The Jeans were all impressed with her new job and congratulations filled the air. I didn’t say a word. When I dragged myself upstairs I found that the bit of damage included all seven windows broken. She’d even mangled some of the frames.
My apprentice followed me up there. She kicked out at one of the broken windows, remarking, “They just don’t make them like they used to, boss.” She handed me a scrap of cardboard with a large zero in the middle. “I adjusted the count.”
I wanted to shout, scream, and tear my hair. But the innocent expression on Jean’s face made it impossible to get mad at her. She had no idea how serious this was, or even that she’d done anything wrong. I mumbled thanks and found a pair of work gloves. As I began cleaning up the mess, Jean asked if I needed any help. “I can use the overtime, boss,” she said.
“No, I’ll get this.”
Jean removed the tool belt and carefully folded it on the floor. “I guess I’ll call it a day then. What time do we start in the morning?”
My voice was a squeak of dismay. “In the morning?” There was no way I could let her come back there to work. I had to get rid of her somehow without hurting her feelings.
“I’d like to bring one of the other Jeans on as my assistant.”
“I thought we could start her off on inventory.”
Just the thought of two of them there was enough to send me into a cold sweat. “No. I don’t think . . .”
“Don’t worry, boss. I’ll keep an eye on her and make sure she doesn’t cause any mischief.”
“Look, Jean.” I had to stop this. She had me so flustered I could barely think. I began rambling, “I don’t think this will work out. There’s an awful lot of work here. I don’t think one or two Jeans is going to make much difference.”
“Really?” Her eyes ballooned with excitement. “We’ll have to hire the others too, boss.” She dashed for the door, calling out, “Oh, Jeans!”
I sagged into a miserable heap on the floor, sobbing. The windows were broken, I now had all the Jeans working for me, and when Earl found out I would be out of a job. A part of my brain wondered where all these Jeans had come from -were they ten-tuplets?- but I was too confused to even think straight. I locked up and went downstairs. Outside, the Jeans were gone.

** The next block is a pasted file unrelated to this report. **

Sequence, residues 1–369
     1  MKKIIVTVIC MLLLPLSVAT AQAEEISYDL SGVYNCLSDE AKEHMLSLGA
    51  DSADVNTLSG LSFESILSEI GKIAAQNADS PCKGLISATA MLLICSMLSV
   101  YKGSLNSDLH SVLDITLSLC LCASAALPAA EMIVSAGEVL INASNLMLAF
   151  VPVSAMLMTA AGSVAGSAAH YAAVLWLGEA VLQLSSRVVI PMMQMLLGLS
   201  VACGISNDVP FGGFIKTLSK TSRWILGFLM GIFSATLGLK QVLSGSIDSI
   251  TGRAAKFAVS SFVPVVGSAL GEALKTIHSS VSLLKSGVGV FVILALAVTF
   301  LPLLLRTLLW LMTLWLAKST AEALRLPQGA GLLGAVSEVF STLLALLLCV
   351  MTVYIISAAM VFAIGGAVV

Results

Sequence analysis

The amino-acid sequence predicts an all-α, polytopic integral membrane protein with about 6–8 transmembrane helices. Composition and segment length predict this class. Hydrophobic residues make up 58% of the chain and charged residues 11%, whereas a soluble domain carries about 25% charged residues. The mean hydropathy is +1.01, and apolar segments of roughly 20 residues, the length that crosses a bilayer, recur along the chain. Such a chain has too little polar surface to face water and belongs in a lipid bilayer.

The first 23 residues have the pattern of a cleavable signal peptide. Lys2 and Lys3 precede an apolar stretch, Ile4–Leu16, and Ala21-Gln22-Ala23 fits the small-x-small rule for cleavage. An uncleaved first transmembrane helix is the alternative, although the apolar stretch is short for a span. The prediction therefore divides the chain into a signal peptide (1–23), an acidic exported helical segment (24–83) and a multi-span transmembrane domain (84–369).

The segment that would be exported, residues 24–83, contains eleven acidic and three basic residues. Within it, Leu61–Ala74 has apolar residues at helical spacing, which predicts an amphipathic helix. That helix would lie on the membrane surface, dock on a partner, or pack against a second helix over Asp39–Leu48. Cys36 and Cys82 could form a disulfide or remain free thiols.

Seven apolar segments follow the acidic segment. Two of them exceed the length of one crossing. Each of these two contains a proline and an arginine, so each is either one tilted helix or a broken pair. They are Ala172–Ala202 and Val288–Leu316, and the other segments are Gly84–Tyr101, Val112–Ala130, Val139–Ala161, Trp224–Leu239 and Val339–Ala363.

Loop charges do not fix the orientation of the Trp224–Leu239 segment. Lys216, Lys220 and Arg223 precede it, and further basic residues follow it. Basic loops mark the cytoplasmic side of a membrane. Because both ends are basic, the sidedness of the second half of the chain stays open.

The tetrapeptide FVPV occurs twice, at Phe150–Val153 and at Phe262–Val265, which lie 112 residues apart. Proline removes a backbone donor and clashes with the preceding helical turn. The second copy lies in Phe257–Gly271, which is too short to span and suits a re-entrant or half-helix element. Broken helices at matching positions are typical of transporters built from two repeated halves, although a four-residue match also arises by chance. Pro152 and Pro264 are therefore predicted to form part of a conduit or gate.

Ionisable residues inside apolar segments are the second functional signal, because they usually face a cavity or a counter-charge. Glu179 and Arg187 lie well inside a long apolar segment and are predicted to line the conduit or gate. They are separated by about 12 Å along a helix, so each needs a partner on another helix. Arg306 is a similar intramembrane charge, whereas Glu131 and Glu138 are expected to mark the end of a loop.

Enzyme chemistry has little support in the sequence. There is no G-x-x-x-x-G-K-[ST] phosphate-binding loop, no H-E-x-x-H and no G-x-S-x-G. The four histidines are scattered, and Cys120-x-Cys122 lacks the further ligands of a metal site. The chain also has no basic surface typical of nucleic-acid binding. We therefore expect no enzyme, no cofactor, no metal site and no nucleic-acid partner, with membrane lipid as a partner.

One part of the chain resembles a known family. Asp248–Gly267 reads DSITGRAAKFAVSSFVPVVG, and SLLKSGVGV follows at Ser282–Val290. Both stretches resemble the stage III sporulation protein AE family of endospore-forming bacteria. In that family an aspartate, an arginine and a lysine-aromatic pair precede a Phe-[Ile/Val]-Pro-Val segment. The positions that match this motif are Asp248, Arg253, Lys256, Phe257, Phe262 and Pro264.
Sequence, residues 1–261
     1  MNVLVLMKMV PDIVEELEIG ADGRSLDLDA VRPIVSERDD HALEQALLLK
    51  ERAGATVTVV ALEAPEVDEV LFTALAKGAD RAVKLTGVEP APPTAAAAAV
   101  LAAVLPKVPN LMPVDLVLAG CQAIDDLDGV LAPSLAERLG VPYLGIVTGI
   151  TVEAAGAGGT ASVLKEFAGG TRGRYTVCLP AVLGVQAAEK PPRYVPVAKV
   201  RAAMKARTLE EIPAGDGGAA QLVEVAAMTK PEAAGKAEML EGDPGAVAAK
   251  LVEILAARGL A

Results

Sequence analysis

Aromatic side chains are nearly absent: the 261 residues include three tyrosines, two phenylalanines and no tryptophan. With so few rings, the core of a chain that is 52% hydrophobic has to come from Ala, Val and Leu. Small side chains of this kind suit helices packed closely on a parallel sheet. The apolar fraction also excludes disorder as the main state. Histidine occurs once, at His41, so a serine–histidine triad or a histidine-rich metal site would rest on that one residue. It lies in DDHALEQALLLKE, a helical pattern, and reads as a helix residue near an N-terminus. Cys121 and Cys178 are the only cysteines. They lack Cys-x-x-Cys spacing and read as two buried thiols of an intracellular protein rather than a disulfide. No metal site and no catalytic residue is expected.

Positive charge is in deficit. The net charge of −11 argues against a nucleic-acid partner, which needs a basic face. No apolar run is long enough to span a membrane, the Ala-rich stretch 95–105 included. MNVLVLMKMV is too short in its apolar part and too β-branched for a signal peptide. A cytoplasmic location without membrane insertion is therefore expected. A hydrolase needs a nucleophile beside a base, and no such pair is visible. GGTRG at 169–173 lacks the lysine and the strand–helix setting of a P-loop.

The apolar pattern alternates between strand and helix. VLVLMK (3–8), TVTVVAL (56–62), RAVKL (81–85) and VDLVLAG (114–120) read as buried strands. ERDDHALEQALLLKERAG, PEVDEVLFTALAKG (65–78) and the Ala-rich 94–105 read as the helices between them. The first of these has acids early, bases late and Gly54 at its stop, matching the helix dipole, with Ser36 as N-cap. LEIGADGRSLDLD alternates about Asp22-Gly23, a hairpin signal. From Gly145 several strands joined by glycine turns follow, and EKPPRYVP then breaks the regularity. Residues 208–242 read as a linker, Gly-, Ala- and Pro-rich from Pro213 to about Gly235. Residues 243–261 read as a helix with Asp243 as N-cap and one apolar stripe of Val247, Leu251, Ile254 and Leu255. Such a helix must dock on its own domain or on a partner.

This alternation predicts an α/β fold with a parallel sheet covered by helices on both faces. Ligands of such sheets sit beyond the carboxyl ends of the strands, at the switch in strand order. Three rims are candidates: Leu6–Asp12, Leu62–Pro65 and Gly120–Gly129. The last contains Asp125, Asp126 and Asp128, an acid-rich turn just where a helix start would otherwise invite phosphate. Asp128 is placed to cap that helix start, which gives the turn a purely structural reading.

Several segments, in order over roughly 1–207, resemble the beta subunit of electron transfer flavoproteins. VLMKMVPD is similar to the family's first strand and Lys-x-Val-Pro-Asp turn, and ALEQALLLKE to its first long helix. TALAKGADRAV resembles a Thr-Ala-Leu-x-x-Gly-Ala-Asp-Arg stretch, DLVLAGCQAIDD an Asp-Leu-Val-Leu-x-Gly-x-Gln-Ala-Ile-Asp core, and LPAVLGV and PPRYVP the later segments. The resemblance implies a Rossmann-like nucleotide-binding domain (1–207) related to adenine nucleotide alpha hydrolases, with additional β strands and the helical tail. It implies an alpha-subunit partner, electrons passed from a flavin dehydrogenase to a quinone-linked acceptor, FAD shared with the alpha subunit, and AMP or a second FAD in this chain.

As I staggered to my car, I tripped over the box of caulk I’d forgotten on the sidewalk. My shirt was torn and I had an ugly scrape on my forearm. This really wasn’t one of my better days. I rose shakily to my feet.
There was a man wearing a suit standing next to a long car parked in front of my Mazda. He looked like maybe a lawyer: thin moustache and goatee neatly trimmed, manicured nails, and all that. He said, “May I have a word?”
I waved him off. “Look, mister. I had a rough day.” All I wanted to do was get home, take a hot bath, and forget about my problems. Just me and my luffa. Maybe the electric toaster.
“I really need to speak with you, Bill,” he said.
“What? Are you selling something? How do you know my name, anyway?”
“I’m Dr. Namtucket.” He produced a gold business card and when I reached for it he stuffed it back in his pocket. “And I’m responsible for the Jeans.”
“You are?” This was a lucky break. If I could explain to this guy that I couldn’t possibly have all those Jeans working for me maybe he could tell them.
“I want to thank you, Bill. I understand you’ve hired some of the Jeans as hammerers.”
“About that. They think I hired all of them. Let me explain—”
“All the Jeans? This is marvelous news, Bill!” He bubbled with enthusiasm. “None of the Jeans has ever worked before.”
“I’ve been trying to integrate them into society, but it’s been rough going, as you can imagine. But now you’ve gone and hired all one hundred and forty-two of them! Bill, this is tremendous!”
“One hundred and forty-two?” I almost fainted.
“This calls for a celebration. You’re coming to the castle for dinner tonight.” Dr. Namtucket opened the rear door of his car and pushed me into the back seat. I was in shock. A protest dribbled out but he ignored me. Hurrying to the front, he started the engine and we took off.
I slumped in the back seat, trying to sort things out. I was going to have dinner in a castle with this Dr. Namtucket and my hundred and forty-two new hammerers, all of whom were named Jean. Like I said before, it was Pulp Fiction weird. Only instead of Uma I had the Jeans. Sort of a wash I guess.
“You mentioned that you were responsible,” I said. “For the Jeans.”
“That’s correct.” Dr. Namtucket flashed me a big smile in the rear view mirror.
“You’re their guardian?”
“I suppose that’s true as well. But I created them also.”